I don’t think that I have ever done one of these before, but I wanted to talk about people’s reactions to insta-love / insta-romances in teen and YA fiction. As someone who left the further education (A levels) a few months ago, I feel like have more interaction with the teenagers of today than most other book bloggers that I see in the community. I wanted to give my two cents on the topic, but don’t want anyone to think that this is a direct attack on them.
What is Instalove?
1: When someone who just meets you thinks that you are their soulmate and they want to spend the rest of their lives with you and have kids with you. Usually you don’t feel that same about them. After your first date with someone they are already talking about marriage. that’s how you know they instalove you.
2: A male or female who thinks they have fallen in love with someone and that person is in love with them just because they got a glance, a smile or some small interaction in the minutest sense.
What’s the Problem?
Many people see insta-romances as things that are unrealistic in the real world, and mark a bad relationship between two characters, with little character development in their relationship, because they meet and instantly fall in love. The relationship between the two characters is often quite central to the main plot of the book, so the author in the name of pacing, has the time between the characters first meeting and them being in love with each other/ in a relationship being quite short.
What do I think?
I think that these insta-romances are actually quite realistic. For starters in YA books, the characters are teens. They don’t have to make good relationship decisions, they just feel the need to make them. Having had friends who fell in love with someone without having a conversation with them (or even knowing their name). The relationships didn’t last particularly long, but you could fit the plot of most YA novels into that time, several times over. Teens do do this, and more often then people would like to admit.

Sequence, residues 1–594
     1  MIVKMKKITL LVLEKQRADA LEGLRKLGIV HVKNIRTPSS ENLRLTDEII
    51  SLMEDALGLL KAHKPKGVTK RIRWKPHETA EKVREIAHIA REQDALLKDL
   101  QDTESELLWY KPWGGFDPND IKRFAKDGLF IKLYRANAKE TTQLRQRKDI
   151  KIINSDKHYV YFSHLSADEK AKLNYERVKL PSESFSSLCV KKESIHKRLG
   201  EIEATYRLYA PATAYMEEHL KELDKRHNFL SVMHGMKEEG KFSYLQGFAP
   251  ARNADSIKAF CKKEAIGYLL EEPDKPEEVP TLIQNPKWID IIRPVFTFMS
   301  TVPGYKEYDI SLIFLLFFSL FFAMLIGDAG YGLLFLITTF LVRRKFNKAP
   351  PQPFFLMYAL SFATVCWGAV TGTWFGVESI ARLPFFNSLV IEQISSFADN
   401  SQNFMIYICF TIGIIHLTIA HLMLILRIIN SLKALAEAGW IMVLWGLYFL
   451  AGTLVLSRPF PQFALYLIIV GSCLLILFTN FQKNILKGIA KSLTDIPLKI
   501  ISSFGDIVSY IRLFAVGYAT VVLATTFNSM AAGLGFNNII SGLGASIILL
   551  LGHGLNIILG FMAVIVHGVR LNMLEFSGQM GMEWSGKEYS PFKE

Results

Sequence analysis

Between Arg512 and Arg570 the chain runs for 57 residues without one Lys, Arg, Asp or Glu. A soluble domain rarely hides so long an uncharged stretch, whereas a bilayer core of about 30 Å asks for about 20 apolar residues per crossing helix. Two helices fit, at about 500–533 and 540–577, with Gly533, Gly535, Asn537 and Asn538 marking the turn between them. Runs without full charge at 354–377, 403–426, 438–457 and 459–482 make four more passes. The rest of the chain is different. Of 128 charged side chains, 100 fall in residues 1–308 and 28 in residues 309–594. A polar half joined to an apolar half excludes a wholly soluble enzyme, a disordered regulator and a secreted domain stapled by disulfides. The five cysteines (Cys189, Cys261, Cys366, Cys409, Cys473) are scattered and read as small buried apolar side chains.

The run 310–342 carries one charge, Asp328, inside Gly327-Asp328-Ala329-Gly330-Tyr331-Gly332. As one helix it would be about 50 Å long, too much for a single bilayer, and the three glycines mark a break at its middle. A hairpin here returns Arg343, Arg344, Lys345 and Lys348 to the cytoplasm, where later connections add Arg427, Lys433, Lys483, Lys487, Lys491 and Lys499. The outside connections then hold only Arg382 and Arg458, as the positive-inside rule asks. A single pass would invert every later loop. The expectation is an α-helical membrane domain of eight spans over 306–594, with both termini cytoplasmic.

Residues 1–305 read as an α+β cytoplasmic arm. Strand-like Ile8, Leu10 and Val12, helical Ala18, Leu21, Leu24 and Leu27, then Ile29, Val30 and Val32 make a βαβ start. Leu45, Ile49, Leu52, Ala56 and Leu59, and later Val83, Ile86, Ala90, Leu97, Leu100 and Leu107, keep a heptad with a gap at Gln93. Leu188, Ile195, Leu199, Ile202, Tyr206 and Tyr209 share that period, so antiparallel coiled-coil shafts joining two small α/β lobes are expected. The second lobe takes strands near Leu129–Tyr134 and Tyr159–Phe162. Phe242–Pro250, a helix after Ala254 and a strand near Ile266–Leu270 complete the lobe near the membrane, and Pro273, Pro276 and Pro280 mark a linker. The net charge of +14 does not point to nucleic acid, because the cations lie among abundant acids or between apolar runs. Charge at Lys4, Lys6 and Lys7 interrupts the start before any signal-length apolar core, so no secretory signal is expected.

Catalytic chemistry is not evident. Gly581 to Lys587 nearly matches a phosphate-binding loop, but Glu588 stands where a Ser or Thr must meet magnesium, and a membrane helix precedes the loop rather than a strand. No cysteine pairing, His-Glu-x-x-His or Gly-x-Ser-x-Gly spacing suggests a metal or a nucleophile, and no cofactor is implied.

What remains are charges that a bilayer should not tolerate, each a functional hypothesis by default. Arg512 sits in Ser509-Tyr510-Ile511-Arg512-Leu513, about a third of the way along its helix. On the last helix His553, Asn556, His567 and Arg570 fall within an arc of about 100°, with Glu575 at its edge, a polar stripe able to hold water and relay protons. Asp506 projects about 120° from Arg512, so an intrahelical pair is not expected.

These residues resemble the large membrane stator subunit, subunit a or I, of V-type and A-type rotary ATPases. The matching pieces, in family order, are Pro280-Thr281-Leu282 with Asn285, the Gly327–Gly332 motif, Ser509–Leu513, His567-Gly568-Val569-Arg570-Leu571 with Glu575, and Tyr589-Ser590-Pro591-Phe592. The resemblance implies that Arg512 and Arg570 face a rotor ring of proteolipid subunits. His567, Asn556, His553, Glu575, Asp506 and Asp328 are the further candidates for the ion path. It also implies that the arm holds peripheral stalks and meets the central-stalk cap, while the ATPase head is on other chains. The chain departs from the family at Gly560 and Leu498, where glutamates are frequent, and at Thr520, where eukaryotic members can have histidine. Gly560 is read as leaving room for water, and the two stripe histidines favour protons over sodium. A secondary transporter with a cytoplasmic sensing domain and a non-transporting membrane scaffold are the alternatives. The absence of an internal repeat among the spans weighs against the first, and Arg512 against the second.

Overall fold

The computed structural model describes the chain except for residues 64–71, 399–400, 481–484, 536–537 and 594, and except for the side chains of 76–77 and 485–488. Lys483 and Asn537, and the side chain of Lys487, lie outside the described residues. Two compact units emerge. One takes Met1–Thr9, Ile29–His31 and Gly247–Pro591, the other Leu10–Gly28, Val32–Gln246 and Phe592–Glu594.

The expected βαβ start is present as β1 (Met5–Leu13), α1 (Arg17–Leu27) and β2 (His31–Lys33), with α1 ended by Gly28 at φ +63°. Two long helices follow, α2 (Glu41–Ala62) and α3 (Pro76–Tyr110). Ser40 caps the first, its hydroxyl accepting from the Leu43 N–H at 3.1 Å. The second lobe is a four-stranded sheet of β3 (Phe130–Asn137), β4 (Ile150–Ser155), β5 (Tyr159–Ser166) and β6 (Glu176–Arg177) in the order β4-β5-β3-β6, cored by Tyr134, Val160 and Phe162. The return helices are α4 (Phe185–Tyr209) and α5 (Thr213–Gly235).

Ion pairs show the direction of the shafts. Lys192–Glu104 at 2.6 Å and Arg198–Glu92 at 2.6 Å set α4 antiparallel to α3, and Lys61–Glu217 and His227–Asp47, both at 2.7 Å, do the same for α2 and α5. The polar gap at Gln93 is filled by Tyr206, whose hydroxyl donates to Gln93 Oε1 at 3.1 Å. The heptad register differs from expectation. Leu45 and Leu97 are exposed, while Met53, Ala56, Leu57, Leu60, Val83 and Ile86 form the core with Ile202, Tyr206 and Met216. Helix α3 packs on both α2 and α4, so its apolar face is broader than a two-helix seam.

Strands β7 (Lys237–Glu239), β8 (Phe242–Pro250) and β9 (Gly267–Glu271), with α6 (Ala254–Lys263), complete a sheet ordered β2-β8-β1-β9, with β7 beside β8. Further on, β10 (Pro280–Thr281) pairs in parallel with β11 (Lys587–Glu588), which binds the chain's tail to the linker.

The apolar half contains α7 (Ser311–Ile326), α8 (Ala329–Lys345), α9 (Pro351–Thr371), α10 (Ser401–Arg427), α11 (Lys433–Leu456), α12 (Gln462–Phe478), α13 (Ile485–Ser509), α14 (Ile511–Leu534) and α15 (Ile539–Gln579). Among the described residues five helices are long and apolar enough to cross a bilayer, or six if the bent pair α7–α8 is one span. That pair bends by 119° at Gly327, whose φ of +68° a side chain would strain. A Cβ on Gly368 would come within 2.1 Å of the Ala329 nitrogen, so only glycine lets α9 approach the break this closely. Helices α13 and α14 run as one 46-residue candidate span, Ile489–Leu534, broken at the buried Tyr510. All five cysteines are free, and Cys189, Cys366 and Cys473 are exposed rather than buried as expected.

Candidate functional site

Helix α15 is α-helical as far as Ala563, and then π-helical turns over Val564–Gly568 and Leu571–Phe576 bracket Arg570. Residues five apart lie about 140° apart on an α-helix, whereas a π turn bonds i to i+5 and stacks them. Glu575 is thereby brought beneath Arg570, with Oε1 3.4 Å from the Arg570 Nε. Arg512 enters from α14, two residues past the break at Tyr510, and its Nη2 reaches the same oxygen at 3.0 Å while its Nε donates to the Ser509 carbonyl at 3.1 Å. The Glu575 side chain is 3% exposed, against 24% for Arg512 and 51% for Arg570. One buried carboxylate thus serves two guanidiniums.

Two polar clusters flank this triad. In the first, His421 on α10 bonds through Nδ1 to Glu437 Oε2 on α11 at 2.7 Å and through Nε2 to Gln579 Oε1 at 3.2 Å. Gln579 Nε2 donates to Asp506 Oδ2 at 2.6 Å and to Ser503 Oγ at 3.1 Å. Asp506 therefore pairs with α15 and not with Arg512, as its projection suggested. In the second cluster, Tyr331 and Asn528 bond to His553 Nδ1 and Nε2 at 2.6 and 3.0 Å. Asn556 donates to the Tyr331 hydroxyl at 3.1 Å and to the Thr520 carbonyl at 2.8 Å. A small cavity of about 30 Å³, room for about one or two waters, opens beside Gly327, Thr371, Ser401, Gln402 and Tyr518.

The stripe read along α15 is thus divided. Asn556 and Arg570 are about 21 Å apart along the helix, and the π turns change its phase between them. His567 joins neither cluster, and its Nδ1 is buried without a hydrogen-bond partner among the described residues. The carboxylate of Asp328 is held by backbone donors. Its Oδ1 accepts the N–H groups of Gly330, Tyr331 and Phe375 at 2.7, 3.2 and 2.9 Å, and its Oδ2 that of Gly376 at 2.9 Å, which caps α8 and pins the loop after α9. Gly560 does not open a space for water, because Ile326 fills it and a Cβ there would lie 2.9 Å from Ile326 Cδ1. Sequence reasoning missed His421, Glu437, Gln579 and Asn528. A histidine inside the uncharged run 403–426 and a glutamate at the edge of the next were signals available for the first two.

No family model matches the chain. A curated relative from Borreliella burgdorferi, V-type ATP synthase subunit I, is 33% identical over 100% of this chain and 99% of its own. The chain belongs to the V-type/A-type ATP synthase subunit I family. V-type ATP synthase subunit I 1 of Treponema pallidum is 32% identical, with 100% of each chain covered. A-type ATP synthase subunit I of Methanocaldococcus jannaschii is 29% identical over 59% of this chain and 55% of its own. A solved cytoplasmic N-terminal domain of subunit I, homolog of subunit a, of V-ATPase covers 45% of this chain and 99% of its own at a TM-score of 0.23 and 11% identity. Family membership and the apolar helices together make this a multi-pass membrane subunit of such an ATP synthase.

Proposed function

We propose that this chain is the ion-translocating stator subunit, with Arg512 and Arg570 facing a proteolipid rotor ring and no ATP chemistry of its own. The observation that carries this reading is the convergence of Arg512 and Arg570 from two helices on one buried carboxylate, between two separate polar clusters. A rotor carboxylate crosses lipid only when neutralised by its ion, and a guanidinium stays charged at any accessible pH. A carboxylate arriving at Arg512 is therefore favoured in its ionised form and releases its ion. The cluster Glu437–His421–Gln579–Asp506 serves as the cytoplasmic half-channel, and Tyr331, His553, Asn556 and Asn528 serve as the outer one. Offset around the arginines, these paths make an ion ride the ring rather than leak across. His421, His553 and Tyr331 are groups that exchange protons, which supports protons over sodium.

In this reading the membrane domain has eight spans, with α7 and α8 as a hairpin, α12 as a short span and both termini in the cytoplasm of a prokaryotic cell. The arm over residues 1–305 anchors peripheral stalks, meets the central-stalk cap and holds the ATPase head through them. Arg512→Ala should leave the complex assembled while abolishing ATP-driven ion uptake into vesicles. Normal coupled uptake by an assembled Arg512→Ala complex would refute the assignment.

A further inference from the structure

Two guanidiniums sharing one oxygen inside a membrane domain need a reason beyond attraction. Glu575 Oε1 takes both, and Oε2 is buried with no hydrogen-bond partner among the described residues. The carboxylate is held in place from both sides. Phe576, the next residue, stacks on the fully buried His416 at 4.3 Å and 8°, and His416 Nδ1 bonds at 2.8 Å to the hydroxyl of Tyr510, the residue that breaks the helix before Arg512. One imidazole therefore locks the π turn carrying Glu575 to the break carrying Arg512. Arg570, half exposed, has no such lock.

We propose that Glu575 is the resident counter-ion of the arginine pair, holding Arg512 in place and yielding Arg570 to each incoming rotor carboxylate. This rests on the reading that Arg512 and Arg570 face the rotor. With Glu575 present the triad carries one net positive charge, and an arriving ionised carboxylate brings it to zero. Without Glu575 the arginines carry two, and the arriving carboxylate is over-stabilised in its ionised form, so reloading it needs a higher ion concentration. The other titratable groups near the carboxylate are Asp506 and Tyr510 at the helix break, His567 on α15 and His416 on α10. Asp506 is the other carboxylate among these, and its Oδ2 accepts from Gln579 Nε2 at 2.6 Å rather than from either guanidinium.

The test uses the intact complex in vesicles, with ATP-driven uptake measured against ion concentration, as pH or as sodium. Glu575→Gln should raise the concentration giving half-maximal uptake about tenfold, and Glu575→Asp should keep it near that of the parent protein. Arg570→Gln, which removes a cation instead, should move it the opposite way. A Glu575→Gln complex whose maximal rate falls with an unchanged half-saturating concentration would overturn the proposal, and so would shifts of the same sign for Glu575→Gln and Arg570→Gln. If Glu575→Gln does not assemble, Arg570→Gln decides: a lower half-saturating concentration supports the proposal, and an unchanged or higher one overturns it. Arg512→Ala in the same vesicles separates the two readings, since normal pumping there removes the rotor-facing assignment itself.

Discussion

In addition to this, the plot of the novel will have an effect on the relationship. If my friends can stick it out with people who are not right for them for months when they have nothing else going on in their lives, imagine how easy it would be to do the same if your world is falling apart (either metaphorically or literally). The romance in these books (or at least the SciFi, fantasy and dystopia that I read) is the subplot, so will also not be the main focus of the character’s lives. With things like saving/changing the world/community to worry about, is it all that surprising that these characters don’t notice the cracks and red flags in the relationship that us readers (who don’t have the same pressure on them) can?
Furthermore, in most cases, as I mentioned earlier, these books often take place over a short space of time. While the characters might be in a relationship for that time, there is no saying how long they stayed together after the events. We treat and judge their relationship as if it is forever, because that is all we see of these character’s lives, but for all we know they break up six months down the line, because as the dust settles, they realise what the audience has known all along, they aren’t right for each other.
In situations (for example The Hunger Games by Suzanne Collins) where we do know that the characters stay together for a long time, there are many years in between. We don’t get to see the relationship develop from the teen fling (okay now my example is beginning to make a little less sense, but you know what I mean) to a proper healthy relationship. There is lots of time in between the last chapter and the epilogue for people to talk and get to know each other better. While there will be couples that don’t make it, they aren’t the ones we right stories about.
In conclusion, I think that insta-romances are realistic in teen and YA fiction, yet like the next person, I think that it would be better for the story if they didn’t happen.